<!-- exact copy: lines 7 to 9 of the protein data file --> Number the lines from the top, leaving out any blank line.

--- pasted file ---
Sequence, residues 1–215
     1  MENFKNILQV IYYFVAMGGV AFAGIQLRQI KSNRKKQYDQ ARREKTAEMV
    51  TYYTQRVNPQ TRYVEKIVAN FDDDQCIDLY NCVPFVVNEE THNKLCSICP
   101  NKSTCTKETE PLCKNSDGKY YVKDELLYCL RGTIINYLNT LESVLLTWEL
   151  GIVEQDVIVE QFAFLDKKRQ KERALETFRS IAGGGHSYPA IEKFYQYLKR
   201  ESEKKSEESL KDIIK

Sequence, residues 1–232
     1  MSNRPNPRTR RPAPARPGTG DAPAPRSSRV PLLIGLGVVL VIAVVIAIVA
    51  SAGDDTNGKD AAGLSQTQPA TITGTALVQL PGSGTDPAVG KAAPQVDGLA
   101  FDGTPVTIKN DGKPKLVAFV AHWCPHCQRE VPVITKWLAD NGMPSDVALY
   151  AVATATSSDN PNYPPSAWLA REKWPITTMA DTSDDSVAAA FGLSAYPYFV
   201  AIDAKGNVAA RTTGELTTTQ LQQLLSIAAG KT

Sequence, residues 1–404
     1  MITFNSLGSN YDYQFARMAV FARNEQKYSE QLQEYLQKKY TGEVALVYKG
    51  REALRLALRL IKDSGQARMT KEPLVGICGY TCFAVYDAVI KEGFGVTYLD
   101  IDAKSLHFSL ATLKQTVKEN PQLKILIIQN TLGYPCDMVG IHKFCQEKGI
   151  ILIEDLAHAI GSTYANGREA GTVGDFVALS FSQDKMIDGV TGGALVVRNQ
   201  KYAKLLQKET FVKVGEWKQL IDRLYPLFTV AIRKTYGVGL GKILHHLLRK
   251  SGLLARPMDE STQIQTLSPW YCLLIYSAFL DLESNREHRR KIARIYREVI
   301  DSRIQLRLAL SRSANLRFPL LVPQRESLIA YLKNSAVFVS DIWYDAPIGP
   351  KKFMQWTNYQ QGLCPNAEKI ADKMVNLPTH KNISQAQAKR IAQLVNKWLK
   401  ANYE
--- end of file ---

Sequence, residues 1–232
     1  MSNRPNPRTR RPAPARPGTG DAPAPRSSRV PLLIGLGVVL VIAVVIAIVA
    51  SAGDDTNGKD AAGLSQTQPA TITGTALVQL PGSGTDPAVG KAAPQVDGLA